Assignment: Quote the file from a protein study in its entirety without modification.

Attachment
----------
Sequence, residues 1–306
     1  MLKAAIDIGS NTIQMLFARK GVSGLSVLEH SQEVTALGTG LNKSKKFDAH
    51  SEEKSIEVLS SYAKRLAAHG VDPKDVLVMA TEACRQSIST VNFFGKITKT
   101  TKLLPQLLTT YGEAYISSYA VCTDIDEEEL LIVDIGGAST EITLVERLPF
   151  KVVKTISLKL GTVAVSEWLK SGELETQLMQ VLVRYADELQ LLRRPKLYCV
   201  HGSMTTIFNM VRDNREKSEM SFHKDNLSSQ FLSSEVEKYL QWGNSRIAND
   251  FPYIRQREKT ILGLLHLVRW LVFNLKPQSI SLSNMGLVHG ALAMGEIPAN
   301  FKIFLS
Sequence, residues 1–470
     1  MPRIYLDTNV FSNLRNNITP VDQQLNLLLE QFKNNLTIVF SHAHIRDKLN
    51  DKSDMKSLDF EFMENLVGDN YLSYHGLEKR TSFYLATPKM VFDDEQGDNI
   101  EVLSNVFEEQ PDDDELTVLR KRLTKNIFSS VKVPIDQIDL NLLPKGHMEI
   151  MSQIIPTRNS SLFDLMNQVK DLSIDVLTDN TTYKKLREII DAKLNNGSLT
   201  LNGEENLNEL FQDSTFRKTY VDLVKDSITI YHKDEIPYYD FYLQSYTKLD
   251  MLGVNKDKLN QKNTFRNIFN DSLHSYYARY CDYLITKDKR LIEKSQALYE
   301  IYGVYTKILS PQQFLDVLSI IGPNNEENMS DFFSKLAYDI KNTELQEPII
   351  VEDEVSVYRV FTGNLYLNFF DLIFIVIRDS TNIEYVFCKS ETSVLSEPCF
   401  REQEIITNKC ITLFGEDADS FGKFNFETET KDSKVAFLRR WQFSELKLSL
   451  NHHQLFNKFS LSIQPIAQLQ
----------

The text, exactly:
Sequence, residues 1–306
     1  MLKAAIDIGS NTIQMLFARK GVSGLSVLEH SQEVTALGTG LNKSKKFDAH
    51  SEEKSIEVLS SYAKRLAAHG VDPKDVLVMA TEACRQSIST VNFFGKITKT
   101  TKLLPQLLTT YGEAYISSYA VCTDIDEEEL LIVDIGGAST EITLVERLPF
   151  KVVKTISLKL GTVAVSEWLK SGELETQLMQ VLVRYADELQ LLRRPKLYCV
   201  HGSMTTIFNM VRDNREKSEM SFHKDNLSSQ FLSSEVEKYL QWGNSRIAND
   251  FPYIRQREKT ILGLLHLVRW LVFNLKPQSI SLSNMGLVHG ALAMGEIPAN
   301  FKIFLS
Sequence, residues 1–470
     1  MPRIYLDTNV FSNLRNNITP VDQQLNLLLE QFKNNLTIVF SHAHIRDKLN
    51  DKSDMKSLDF EFMENLVGDN YLSYHGLEKR TSFYLATPKM VFDDEQGDNI
   101  EVLSNVFEEQ PDDDELTVLR KRLTKNIFSS VKVPIDQIDL NLLPKGHMEI
   151  MSQIIPTRNS SLFDLMNQVK DLSIDVLTDN TTYKKLREII DAKLNNGSLT
   201  LNGEENLNEL FQDSTFRKTY VDLVKDSITI YHKDEIPYYD FYLQSYTKLD
   251  MLGVNKDKLN QKNTFRNIFN DSLHSYYARY CDYLITKDKR LIEKSQALYE
   301  IYGVYTKILS PQQFLDVLSI IGPNNEENMS DFFSKLAYDI KNTELQEPII
   351  VEDEVSVYRV FTGNLYLNFF DLIFIVIRDS TNIEYVFCKS ETSVLSEPCF
   401  REQEIITNKC ITLFGEDADS FGKFNFETET KDSKVAFLRR WQFSELKLSL
   451  NHHQLFNKFS LSIQPIAQLQ